Why do I recognise this? Because when I miss out on my yoga practice, I'm often thinking something like:
I won't be able to decide what practice to do (my indecisivness)
I might not get all my work finished today (worrying about being respected by colleagues)
I might not be able to do the poses (worrying about not achieving)
It might be better to do it later (not living in the moment)
....or something else!
In the article, Caroline Scherer says:
A wonderful teacher of mine once told me that yoga is the practice of dealing with the consequences of being yourself. I’ve always thought that was a beautifully simple and eloquent way of explaining it.
Besides challenging our bodies and opening our minds, yoga forces us to really live with ourselves in a way that we are not accustomed to doing on a day-to-day basis. It asks us to have honest relationships with our true selves, and embrace those selves exactly as they are.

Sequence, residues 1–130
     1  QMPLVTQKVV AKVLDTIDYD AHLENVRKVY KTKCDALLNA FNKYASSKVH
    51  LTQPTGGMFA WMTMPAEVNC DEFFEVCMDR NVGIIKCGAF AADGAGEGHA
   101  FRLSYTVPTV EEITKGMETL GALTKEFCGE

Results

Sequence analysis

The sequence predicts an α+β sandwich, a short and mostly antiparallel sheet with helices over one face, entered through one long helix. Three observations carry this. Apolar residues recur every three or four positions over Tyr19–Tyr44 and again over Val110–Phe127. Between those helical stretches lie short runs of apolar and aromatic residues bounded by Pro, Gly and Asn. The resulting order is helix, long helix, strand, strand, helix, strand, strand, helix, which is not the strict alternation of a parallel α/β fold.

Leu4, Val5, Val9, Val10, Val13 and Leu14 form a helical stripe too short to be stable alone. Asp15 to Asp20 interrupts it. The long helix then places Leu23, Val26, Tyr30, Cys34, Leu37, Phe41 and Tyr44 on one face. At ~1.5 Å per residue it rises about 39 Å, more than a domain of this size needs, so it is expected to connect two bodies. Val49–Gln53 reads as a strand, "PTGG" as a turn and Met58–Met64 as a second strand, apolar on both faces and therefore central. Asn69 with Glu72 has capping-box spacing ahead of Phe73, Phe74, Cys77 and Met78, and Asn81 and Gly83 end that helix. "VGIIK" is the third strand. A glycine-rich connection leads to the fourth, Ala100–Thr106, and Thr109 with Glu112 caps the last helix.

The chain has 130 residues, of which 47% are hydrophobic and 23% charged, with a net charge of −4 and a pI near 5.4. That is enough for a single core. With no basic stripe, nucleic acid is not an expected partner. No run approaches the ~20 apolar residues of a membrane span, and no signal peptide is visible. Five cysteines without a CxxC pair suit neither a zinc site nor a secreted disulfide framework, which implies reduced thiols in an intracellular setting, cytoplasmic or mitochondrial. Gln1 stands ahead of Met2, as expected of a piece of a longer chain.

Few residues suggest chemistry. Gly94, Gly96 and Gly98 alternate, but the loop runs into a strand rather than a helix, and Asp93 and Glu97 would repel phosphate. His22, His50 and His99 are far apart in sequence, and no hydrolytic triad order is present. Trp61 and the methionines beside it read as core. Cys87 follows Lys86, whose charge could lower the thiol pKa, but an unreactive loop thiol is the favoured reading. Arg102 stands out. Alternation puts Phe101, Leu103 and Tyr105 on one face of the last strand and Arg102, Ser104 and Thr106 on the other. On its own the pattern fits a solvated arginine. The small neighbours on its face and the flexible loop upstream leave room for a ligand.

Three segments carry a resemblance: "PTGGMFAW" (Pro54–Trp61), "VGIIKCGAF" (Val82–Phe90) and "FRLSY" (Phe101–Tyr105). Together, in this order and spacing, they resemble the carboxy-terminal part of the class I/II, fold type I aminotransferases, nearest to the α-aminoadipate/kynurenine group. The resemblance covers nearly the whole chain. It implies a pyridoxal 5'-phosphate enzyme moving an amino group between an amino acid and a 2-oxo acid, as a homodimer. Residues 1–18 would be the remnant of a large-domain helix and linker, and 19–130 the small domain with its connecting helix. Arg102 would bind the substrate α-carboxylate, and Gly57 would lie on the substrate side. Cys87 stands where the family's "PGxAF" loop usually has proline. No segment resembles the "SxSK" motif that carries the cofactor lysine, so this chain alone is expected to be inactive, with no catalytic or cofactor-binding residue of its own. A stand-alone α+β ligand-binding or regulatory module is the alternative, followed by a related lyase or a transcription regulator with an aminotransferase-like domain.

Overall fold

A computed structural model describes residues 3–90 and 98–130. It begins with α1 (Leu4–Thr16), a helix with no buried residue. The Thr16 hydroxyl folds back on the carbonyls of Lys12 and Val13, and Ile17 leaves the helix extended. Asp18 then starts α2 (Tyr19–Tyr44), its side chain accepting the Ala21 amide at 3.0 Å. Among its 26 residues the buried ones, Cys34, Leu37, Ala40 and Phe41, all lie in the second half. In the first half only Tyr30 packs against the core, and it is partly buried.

And if that is the case, which I believe it is, then I’m not avoiding yoga. Yoga has nothing to do with it.
I’m avoiding myself.I’m avoiding my intolerance of imperfection. I’m avoiding the fact that I’m disappointed in myself for being out of shape. I’m avoiding the doubt that will inevitably sneak up on me when I get there and realize that I’m a little rusty.
She ends by saying:
The beautiful thing about yoga... is that it simultaneously evokes those feelings and cures me of them. It brings about physical discomfort, then offers spiritual peace. It hurts, but it also heals.
That's what I find too. As they say: no time on the mat is ever wasted.